A Message was brought from the House of Commons, by Sir Ric'd Onslow:
To desire their Lordships Concurrence in an Order concerning raising of Five Hundred Dragooners, in the County of Surrey.
The said Order was read.
Ordered, To be respited for a Time; and the Country to be heard, concerning this Ordinance.
The Answer returned was:
That this House will send an Answer by Messengers of their own.
Delinquents to be apprehended, for breaking open the Countess of Devonshire's Stables.
Upon Information to this House, "That some Persons are breaking open the Countess of Devonshire's Stable, for the Taking away of her Horses:" It is Ordered, That the Officers of the Trained Band shall go, with a sufficient Guard, and apprehend the Parties offending, and bring them before this House, (fn. 4) to answer the said Offences, and to shew by what Warrant they have done (fn. 5) it.
John Bradley's Petition.
Upon reading the Petition of John Bradley: It is Ordered, That the Parties whom it concerns shall have a Copy of the said Petition, and return an Answer to this House by Friday Morning.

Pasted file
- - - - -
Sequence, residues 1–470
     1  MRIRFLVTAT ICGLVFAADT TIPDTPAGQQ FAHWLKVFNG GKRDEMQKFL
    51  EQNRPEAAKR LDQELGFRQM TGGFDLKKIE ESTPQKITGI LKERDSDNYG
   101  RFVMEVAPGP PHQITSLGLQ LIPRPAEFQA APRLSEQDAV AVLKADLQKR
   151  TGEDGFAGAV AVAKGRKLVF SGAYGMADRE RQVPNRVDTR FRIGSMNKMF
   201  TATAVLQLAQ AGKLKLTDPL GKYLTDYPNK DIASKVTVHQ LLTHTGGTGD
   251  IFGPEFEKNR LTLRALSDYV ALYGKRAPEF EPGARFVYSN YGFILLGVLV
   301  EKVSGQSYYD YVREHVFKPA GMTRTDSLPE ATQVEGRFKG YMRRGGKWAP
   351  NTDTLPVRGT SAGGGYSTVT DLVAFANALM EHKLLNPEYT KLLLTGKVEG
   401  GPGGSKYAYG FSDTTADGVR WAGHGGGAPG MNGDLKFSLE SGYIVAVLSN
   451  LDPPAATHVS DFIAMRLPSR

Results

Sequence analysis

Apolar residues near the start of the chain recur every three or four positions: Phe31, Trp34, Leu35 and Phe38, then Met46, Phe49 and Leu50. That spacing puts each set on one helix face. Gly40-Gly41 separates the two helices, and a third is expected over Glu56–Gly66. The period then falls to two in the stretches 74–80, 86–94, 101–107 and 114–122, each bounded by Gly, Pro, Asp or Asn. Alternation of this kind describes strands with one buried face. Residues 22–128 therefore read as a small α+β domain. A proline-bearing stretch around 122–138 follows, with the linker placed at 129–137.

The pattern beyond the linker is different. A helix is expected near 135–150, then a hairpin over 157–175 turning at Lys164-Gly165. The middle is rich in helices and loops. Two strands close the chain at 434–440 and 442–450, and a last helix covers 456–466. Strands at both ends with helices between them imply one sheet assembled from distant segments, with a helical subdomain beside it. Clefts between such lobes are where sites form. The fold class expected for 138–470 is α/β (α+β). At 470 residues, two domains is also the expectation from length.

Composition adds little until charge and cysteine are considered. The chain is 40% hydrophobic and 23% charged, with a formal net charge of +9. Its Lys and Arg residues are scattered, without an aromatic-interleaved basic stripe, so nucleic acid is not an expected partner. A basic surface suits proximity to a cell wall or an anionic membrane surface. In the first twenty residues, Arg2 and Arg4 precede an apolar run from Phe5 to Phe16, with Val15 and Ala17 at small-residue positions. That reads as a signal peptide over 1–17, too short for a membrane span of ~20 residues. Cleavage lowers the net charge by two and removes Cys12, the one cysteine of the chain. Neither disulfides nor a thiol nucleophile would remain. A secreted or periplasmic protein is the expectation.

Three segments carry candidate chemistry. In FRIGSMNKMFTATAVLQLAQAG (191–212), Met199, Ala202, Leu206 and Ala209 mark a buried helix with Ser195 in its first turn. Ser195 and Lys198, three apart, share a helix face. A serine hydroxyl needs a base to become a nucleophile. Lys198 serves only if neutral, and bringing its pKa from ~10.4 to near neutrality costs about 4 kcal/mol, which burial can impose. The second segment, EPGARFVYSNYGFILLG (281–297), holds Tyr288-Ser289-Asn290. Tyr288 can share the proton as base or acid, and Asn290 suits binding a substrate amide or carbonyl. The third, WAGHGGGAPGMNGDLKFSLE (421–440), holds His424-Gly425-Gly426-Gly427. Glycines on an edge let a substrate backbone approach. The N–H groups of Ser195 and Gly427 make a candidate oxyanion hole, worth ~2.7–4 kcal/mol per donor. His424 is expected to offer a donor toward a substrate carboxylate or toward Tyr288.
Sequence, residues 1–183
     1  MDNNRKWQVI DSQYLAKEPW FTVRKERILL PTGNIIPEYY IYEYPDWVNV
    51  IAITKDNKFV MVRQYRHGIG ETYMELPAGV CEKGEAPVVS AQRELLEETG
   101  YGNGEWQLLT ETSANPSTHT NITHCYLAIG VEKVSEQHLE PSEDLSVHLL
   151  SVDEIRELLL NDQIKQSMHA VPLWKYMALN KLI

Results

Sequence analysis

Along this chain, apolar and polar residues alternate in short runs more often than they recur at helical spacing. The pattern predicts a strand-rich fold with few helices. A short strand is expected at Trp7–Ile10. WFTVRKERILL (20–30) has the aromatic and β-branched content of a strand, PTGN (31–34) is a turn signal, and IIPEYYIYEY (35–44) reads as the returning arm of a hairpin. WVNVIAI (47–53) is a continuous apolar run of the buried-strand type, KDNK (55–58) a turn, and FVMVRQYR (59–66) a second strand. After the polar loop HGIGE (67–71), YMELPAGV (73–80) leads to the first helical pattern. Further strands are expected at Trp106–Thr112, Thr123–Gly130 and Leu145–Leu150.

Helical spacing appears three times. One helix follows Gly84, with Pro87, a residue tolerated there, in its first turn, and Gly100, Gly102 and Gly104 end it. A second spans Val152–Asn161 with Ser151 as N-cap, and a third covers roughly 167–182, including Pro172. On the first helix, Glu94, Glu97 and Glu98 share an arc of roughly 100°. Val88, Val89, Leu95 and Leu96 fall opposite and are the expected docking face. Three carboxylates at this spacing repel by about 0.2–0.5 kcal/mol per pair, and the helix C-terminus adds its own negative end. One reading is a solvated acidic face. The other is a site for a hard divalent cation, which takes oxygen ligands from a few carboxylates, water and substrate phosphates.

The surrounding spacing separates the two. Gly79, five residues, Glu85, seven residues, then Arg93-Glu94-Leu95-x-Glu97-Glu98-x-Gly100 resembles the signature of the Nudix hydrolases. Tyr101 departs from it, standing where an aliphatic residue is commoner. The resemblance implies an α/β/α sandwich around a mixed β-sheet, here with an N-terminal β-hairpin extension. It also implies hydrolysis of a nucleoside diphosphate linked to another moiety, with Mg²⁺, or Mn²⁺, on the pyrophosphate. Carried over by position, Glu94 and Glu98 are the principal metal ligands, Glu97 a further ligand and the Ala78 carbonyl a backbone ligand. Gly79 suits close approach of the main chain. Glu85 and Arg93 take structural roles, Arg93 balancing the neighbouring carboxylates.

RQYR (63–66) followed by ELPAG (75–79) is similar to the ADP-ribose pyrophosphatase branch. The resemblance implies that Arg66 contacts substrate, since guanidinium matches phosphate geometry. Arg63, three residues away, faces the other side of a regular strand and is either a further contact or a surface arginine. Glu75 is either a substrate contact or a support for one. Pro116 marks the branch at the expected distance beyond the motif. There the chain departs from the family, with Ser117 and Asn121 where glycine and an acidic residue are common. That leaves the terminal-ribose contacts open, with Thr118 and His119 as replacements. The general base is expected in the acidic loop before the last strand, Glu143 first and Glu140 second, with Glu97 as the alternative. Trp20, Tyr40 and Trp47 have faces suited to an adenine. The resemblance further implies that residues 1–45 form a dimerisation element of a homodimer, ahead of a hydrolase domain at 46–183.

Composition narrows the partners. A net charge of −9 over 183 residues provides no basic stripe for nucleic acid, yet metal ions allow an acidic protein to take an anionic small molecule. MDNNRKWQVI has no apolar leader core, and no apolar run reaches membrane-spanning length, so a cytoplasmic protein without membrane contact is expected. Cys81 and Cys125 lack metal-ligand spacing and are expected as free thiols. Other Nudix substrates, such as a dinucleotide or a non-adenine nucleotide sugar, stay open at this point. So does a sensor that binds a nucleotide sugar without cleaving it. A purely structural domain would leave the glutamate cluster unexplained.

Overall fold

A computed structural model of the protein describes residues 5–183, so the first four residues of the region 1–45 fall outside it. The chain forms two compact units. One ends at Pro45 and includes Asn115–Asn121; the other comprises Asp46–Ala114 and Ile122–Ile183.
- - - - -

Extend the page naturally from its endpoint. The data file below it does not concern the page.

(Here enter the Petition.)
King's Harness for Coach-horses.
Ordered, That there shall be a Pass, to carry down to Oxford some Harness, for the King's Coach-horses.
Sir Charles Berkley's Child, a Pass.
Ordered, That a Pass shall be granted, to convey the Child of Sir Charles Berkley out of Som'settshire, [ (fn. 6) to Oxford], to be touched for the King's Evil.
Emperor's Agent, a Pass.
Ordered, That the Emperor's Agent shall have a Pass, to go to Oxford, to deliver some Letters to the King.
A Squadron of Musqueteers to assist in apprehending the Delinquents against the Countess of Devonshire.
The Officers were called in, and commanded to send a Squadron of Musketeers along with the Officer of this House, to apprehend such Persons as are breaking open the Countess of Devonshire's Stable, and bring them before this House.
Order for 4000 l. to Mr. Stevens, & al. for Money laid out for Public Service.
"Whereas Sir William Waller, Serjeant Major General of the County of Gloucester and other Counties adjacent, Mr. Stephens, Mr. Hodges, Mr. Genner, and Mr. Ash, Members of the House of Commons, have, for the advanceing and furnishing out of Forces (fn. 7) in the said County of Gloucester, for the Public Service of the Kingdom, taken up, and provided at Interest, upon their particular Credits and Securities, the Sum of Four Thousand Pounds, without which the said Forces could not march upon their present Expedition: It is therefore Ordered, by the Lords and Commons, That Sir Gilbert Gerrard, Treasurer for the Army, shall forthwith issue and pay, out of his First Receipts (upon Subscription, or otherwise), the said Sum of Four Thousand Pounds, with the Interest according to Eight Pounds per Cent. unto the said Members of the House of Commons."